Photographer, Rune Guneriussen, is a Norwegian based artist who takes everyday objects and arranges them in an environment unrelated to their man-made purpose. Not only are they in a unnatural and awkward setting, they evoke a kind of connection with the way we look at material versus the natural in our environment. It is as if these very much man made objects are being set in a completely organic setting to infer a juxtaposition that brings awareness to human impact. Whether or not the Guneriussen had intended this connection, it is blatantly apparent in these images, although it might take a stretch of the mind. In any case, isn’t that journey of getting from the initial observation to the inner thoughts of a piece the beauty that art gives us in the first place?
Archive for November, 2009
Your average portrait photo tells you what someone looks like, right? You know it only captures a single view of them, but for now you’ll buy that view as just the way things are. But what if you’re presented with two shots, identical but taken a fraction of a second apart? All of a sudden there is no “way things are.” The same little boy can go from looking focused and intense to looking almost tragically distracted, all because a shutter was pressed a tiny moment later. The barest lapse in time can put everything in doubt.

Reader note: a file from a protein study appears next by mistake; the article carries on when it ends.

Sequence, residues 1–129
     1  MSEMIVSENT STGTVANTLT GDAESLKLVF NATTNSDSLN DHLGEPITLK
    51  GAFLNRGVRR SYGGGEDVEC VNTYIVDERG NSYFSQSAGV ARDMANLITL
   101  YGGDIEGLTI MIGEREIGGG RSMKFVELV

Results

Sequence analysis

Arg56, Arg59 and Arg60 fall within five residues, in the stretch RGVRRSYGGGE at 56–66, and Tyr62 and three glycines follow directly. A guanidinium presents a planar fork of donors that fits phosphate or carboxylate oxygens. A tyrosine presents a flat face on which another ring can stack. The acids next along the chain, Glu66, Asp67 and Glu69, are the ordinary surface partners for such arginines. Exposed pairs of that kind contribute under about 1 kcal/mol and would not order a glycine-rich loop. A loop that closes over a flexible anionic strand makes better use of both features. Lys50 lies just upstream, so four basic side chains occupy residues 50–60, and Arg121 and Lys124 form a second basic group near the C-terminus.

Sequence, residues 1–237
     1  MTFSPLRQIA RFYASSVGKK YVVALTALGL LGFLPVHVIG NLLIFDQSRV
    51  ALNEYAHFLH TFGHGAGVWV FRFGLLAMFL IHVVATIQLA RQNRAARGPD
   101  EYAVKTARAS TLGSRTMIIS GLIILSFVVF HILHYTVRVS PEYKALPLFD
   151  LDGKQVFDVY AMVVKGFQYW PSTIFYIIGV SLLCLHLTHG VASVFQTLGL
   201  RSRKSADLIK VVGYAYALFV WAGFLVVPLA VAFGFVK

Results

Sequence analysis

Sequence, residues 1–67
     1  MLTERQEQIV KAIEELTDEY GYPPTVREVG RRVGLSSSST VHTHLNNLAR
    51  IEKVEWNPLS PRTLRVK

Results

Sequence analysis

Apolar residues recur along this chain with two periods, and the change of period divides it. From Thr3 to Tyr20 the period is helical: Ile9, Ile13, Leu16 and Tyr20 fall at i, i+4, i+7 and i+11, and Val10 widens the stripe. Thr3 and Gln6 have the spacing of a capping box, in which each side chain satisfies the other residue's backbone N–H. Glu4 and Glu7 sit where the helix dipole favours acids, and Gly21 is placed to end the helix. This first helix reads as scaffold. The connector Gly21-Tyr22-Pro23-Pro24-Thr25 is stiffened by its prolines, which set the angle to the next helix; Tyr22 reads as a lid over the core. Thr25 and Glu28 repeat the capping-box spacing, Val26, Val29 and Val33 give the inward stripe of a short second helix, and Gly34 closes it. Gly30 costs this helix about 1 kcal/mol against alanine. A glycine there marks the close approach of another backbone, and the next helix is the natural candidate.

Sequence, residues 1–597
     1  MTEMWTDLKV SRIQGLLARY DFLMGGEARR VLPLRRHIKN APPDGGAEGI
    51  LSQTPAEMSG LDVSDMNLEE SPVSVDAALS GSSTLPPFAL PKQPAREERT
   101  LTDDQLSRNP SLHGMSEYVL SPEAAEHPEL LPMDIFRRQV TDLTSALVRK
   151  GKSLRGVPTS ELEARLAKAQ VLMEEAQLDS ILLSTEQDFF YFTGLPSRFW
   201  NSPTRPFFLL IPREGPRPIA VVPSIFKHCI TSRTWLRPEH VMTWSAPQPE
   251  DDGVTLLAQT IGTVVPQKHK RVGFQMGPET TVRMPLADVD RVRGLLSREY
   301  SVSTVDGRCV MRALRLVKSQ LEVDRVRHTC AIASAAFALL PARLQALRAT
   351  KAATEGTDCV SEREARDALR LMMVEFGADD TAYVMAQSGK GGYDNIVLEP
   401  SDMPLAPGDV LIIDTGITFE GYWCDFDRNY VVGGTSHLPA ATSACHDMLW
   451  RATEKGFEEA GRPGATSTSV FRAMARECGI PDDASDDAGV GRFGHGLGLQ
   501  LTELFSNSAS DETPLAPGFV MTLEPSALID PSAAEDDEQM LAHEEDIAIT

MANUFACTURED LANDSCAPES is the striking new documentary on the world and work of renowned artist Edward Burtynsky. Internationally acclaimed for his large-scale photographs of “manufactured landscapes”—quarries, recycling yards, factories, mines and dams—Burtynsky creates stunningly beautiful art from civilization’s materials and debris. The film follows him through China, as he shoots the evidence and effects of that country’s massive industrial revolution. With breathtaking sequences, such as the opening tracking shot through an almost endless factory, the filmmakers also extend the narratives of Burtynsky’s photographs, allowing us to meditate on our impact on the planet and witness both the epicenters of industrial endeavor and the dumping grounds of its waste.
In the spirit of such environmentally enlightening sleeper-hits as AN INCONVENIENT TRUTH and RIVERS AND TIDES, MANUFACTURED LANDSCAPES powerfully shifts our consciousness about the world and the way we live in it, without simplistic judgments or reductive resolutions.
(His exhibition: “Oil” is currently on view at the Corcoran Gallery of Art, in D.C.) – http://www.corcoran.org/burtynsky/index.php
Norwegian photojournalist Jonas Bendiksen spent six weeks living in the slums of Nairobi, then Caracas, Mumbai, and Jakarta. His remarkable panoramic images take us inside slum families’ lives, revealing the profound human impulse to fashion not only shelter but a home. “I got interested to break some of my own stereotypes of these places,” he says. “What I really wanted to focus on was not the extremities, the worst poverty, or the worst slums, but on how people manage to construct daily lives in the midst of such challenges.” In Kibera, he visited churches assembled from the same makeshift material as many of the homes: tin plates and mud.